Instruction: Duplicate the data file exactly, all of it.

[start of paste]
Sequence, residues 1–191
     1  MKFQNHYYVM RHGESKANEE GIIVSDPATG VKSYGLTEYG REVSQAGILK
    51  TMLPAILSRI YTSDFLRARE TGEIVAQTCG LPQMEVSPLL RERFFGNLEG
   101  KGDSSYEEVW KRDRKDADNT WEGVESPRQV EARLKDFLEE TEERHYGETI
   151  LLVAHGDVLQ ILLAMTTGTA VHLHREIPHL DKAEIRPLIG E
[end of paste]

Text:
Sequence, residues 1–191
     1  MKFQNHYYVM RHGESKANEE GIIVSDPATG VKSYGLTEYG REVSQAGILK
    51  TMLPAILSRI YTSDFLRARE TGEIVAQTCG LPQMEVSPLL RERFFGNLEG
   101  KGDSSYEEVW KRDRKDADNT WEGVESPRQV EARLKDFLEE TEERHYGETI
   151  LLVAHGDVLQ ILLAMTTGTA VHLHREIPHL DKAEIRPLIG E